Monday, March 16, 2015

Will Switching Government Workers to Account-type Plans Save Taxpayers Money?

Will Switching Government Workers to Account-type Plans Save Taxpayers Money?
An excellent paper by Monique Morrissey published here
Here are some highlites from her paper for the entire article go here
Although benefit cuts, increased employee contributions, and a rebound in stock prices have improved pension fund finances, severe under funding remains a challenge in places where the problem predated the recession and was the result of lawmakers neglecting to make required contributions over many years. This is helping to sustain the idea that we can no longer afford to provide teachers, police, firefighters, and other civil servants with secure defined-benefit pensions.
Earlier would-be reformers pushed for 401(k)-style defined-contribution (DC) plans prevalent in the private sector. But disastrous results in West Virginia, Michigan, and Alaska have shifted attention to “hybrid” plans, such as cash balance plans, that combine elements of defined-benefit and defined-contribution systems. Advocates of these types of plans say they are a compromise between those who want to maintain traditional pension plans and those who push for a transition to a 401(k)-style system. However, DC and hybrid plans, which can collectively be referred to as account-type plans, fail on three important points:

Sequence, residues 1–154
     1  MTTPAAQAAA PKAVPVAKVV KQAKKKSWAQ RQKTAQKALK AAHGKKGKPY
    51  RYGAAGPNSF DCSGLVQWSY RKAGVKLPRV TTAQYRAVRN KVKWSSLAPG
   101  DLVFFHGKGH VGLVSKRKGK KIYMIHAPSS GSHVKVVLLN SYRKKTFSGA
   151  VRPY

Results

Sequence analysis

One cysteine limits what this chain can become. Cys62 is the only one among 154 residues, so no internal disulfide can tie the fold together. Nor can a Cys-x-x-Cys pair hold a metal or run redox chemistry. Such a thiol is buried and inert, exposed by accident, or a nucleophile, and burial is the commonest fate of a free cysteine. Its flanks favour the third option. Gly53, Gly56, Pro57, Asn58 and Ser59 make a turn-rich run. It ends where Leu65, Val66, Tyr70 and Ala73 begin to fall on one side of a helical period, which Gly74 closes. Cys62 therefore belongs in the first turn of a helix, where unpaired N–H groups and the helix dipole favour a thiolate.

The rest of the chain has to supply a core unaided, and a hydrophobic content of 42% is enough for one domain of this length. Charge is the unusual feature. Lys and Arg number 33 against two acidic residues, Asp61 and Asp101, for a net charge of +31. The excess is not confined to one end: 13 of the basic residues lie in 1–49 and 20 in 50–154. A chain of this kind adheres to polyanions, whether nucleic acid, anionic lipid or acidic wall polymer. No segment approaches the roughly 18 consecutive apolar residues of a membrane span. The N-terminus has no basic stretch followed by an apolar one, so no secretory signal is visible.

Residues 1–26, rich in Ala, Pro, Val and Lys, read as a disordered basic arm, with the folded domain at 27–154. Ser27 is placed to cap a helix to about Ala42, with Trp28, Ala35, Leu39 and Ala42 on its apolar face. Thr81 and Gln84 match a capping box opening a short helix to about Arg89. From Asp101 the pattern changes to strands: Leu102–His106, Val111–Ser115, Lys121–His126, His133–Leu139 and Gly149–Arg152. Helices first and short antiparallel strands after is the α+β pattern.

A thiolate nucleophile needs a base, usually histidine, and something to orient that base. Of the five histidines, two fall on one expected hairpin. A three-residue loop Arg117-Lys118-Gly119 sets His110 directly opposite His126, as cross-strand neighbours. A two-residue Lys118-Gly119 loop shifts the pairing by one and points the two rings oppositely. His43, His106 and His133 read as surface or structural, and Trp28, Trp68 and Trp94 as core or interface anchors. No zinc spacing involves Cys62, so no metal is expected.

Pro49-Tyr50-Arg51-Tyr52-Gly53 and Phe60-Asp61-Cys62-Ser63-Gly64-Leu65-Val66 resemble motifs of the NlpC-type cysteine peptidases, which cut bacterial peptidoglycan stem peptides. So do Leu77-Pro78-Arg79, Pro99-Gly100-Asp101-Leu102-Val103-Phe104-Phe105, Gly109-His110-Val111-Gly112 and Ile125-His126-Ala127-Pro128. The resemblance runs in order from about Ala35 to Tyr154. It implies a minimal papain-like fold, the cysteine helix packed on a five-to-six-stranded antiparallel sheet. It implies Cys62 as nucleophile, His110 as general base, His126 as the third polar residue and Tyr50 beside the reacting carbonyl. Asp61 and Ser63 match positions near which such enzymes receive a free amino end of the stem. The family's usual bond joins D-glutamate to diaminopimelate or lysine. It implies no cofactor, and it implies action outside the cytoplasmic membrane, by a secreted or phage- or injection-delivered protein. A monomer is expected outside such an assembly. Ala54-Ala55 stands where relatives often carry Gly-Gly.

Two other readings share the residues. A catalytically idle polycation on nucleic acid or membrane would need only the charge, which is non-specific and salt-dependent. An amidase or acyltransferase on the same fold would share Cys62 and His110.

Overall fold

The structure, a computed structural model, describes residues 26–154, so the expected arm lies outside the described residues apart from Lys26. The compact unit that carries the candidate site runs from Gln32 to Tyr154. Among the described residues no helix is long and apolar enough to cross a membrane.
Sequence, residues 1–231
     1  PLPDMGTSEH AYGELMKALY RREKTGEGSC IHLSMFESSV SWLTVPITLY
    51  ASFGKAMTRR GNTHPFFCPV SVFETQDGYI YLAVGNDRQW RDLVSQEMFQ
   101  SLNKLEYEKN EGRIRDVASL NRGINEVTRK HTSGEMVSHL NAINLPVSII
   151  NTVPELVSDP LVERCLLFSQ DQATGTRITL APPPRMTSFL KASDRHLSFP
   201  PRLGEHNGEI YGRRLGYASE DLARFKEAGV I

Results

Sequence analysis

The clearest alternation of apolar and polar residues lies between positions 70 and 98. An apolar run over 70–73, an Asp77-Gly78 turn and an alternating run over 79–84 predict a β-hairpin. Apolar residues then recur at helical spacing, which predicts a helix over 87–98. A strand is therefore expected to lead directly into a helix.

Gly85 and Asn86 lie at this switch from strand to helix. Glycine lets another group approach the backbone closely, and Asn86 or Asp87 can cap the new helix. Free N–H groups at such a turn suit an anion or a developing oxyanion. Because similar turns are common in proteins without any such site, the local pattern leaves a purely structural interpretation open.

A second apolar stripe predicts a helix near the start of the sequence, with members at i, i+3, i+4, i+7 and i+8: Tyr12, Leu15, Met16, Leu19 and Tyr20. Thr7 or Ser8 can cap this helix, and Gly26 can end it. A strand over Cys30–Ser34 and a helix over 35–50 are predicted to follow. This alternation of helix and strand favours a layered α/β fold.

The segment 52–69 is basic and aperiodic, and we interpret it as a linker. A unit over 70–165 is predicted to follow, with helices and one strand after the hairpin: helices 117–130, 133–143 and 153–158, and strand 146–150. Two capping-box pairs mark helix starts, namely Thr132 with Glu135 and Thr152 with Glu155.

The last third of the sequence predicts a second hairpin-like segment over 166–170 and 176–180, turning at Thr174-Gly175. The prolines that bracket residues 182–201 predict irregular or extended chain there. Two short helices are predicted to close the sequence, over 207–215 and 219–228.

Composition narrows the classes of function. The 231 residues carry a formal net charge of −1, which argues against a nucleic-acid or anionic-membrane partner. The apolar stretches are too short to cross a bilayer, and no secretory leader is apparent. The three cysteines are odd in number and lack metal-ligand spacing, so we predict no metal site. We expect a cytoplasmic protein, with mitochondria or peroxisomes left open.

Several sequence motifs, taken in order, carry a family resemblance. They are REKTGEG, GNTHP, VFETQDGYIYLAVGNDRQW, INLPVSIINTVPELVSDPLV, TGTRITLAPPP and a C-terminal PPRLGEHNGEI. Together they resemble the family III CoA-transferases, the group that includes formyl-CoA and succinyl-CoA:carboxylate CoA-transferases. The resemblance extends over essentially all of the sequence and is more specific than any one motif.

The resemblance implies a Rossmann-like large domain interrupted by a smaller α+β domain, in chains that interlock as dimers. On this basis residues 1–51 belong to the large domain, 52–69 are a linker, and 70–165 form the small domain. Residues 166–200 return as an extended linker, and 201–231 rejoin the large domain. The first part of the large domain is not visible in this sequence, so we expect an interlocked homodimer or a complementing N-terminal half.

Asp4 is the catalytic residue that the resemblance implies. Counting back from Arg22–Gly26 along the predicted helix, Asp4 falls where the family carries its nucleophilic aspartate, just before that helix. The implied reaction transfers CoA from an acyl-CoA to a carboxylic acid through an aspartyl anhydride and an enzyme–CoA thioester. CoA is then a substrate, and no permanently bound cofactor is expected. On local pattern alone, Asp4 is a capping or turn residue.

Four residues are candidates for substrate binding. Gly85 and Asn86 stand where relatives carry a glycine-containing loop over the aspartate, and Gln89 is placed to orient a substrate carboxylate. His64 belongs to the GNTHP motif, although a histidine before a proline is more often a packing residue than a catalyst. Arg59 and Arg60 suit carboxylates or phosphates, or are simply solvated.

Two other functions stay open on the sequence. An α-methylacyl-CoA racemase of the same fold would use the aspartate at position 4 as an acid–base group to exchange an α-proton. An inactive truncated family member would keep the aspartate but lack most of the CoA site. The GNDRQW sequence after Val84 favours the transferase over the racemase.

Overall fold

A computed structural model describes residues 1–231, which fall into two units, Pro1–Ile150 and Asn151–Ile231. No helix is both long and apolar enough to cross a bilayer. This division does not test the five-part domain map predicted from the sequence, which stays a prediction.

• They do not help states save money. Traditional defined-benefit pensions are more efficient than DC plans and most hybrid plans due to economies of scale, risk pooling, and other factors. Moreover, changing plan type introduces transition costs. Thus, it is not surprising that states that switched to DC and hybrid plans did not save money except to the extent that they simply cut benefits or required workers to contribute more toward their retirement.
  • They create more workforce management problems than they solve. For example, many cash balance plans provide the biggest benefits to job leavers, promoting high turnover in public-sector jobs, which require a high level of skill and experience.
  • They increase retirement insecurity. Account-type plans introduced around the country threaten the retirement security of young and old alike. While a well-designed hybrid plan could theoretically help younger workers without undermining the retirement security of midcareer and older workers, none of the plans offered in the current political climate has done so.
However, since these plans are typically introduced alongside cuts to benefits workers have already accrued, this point is often lost on elected officials and the general public. Since cost savings have strong appeal at a time of budget austerity and cash balance plans are the hot topic in pension debates, this report will focus primarily on cash balance plans’ impact on employers and taxpayers. However, it will also consider claims that cash balance and other account-type plans improve workers’ retirement security.

Overview: Defined-benefit, defined-contribution, and hybrid plans
This section provides a brief description of four types of employer-based retirement plans discussed in this paper: traditional defined-benefit (DB) pensions, 401(k)-style defined-contribution (DC) plans, and two types of hybrid plans that combine DB and DC features (two-tier DB-DC plans and cash balance plans).